Most Active Stories
- Creative Living E-Newsletter Sign Up
- Meet a new nurse on Call the Midwife, on Sunday, the 27th at 7 pm
- A Frederick Church oil painting is appraised on Monday, during Antiques Roadshow
- Shoes from "The Beverly Hillbillies" are appraised on Antiques Roadshow on April 28th
- "Your Inner Monkey" airs on Wednesday, April 23rd at 9 pm
Thu April 5, 2012
LISTEN: Recordings Show How Wife Calmly Took Control To Land Plane
Originally published on Thu April 5, 2012 7:05 am
Recordings of the conversations that an 80-year-old Wisconsin woman had with a controller and another pilot after her husband collapsed at the controls of their small plane on Monday show she had a "take-charge attitude in a total emergency," NPR's Paul Brown said earlier this morning on our Newscast.
Indeed, Helen Collins sounds remarkably calm. Her 81-year-old husband John had suffered a heart attack when they were about 10 minutes away from landing at Cherryland Airport in Sturgeon Bay, 150 miles north of Milwaukee. He was later pronounced dead.
She needed to get the plane down safely.
Collins' son James tells The Associated Press that his mother had flown with her husband many times and that about 30 years ago she took take-off and landing lessons. You can hear in the recordings, which the Door County Sheriff's Office has posted here, that Collins is well aware of the perilous situation she's in.
At one point she says, "you'd better get me in there pretty soon, I don't know how long I'm going to have gas."
At another point, Collins tells a woman that "it's a hell of a place to be." And after being told that "you look good," Collins responds: "I don't feel good."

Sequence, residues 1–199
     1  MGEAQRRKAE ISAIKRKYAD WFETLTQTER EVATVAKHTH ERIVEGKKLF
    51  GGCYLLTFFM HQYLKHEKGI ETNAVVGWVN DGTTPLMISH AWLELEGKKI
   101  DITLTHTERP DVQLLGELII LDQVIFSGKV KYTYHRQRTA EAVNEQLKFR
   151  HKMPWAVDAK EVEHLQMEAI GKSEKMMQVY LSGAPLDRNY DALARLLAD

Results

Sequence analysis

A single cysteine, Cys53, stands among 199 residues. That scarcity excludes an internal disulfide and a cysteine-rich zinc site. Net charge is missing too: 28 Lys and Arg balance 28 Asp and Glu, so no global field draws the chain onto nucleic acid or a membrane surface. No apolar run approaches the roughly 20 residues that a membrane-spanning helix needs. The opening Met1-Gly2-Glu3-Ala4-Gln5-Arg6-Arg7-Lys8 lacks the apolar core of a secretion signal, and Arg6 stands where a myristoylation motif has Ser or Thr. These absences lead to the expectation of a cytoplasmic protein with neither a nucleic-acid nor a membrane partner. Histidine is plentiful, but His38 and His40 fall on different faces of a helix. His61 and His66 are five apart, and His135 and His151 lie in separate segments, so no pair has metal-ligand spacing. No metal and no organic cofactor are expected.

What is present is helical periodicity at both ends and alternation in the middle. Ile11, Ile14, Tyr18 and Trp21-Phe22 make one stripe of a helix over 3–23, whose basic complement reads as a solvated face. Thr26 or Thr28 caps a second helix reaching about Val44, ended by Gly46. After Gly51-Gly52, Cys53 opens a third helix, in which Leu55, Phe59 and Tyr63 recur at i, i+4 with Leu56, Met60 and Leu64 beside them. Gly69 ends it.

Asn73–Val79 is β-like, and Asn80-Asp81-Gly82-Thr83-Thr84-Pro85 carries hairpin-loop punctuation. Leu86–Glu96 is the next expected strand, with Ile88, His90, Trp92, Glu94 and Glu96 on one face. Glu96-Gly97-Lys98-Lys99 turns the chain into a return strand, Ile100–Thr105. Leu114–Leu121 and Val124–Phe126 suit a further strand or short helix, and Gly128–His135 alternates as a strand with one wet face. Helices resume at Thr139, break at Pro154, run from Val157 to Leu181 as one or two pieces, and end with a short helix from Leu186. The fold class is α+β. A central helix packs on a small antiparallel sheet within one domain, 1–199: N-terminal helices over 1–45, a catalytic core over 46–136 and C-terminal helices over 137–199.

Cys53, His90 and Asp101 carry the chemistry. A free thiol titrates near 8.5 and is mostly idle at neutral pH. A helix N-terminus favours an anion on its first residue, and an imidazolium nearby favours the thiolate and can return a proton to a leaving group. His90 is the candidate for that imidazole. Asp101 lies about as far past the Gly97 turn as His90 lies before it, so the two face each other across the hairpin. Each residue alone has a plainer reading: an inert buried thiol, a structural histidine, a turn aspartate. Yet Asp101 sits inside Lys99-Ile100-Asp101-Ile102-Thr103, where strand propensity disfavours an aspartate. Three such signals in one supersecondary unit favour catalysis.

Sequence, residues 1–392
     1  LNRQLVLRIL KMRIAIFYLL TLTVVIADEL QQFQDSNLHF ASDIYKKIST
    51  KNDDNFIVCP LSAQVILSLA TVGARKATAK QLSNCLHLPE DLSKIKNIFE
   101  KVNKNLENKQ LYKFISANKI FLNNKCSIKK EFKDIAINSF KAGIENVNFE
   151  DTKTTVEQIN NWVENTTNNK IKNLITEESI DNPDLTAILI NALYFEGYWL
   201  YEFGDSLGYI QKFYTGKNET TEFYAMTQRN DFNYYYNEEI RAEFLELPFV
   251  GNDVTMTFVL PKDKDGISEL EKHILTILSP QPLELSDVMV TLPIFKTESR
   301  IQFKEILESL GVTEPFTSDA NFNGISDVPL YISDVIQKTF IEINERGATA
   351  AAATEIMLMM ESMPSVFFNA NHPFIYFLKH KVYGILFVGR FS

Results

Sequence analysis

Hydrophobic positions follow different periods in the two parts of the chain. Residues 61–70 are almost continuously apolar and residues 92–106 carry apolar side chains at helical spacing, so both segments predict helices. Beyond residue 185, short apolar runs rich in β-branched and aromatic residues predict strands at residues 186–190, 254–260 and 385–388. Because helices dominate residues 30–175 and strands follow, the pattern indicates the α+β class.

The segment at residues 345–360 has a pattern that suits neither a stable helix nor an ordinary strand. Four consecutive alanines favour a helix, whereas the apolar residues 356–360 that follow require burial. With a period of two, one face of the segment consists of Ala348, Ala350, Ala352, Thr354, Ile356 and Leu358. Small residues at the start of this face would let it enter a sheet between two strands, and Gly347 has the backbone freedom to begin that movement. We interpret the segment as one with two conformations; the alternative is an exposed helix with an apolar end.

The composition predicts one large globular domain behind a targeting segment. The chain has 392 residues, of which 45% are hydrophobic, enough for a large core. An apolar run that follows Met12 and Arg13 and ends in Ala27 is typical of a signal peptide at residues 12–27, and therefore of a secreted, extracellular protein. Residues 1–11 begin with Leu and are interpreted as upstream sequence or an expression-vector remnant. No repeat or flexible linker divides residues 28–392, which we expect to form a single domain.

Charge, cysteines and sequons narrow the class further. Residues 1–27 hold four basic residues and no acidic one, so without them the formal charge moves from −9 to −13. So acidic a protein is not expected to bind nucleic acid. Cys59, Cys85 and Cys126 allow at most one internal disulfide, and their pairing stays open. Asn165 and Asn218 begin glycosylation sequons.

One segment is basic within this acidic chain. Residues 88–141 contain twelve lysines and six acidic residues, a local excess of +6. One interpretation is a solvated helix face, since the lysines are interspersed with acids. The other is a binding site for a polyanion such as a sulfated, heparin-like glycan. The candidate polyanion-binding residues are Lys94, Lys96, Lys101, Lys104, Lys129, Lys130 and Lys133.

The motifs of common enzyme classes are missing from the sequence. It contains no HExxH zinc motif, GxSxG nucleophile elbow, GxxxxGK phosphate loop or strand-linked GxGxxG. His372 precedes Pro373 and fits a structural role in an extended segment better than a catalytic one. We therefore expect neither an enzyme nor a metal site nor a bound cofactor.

With help from another pilot who flew up to talk her through the steps, Collins brought the Cessna twin-engine plane down. It was a hard landing — she suffered a cracked rib and injured vertebrae — but a safe one.
As the AP recounts, on the final approach pilot Robert Vuksanovic (who by then was positioned behind Collins), guided her down:
" 'Nose down. Nose down. Turn right a little bit. Turn right. Nose down, nose down. Come on, get down. Get down,' he said. Then, rapid-fire, almost shouting: 'Bring the power back. Power back. Power back. Reduce the power, over. Reduce the power. Nose down, over. Helen, do you read me?'
"After a tense second of silence she replies calmly, 'I read you.'
"Her plane bounced hard off the runway, then landed and skidded down the runway about 1,000 feet.
" 'Great job, Helen, great job,' someone says over the radio, with muffled cheers in the background. 'Outstanding, Helen.' "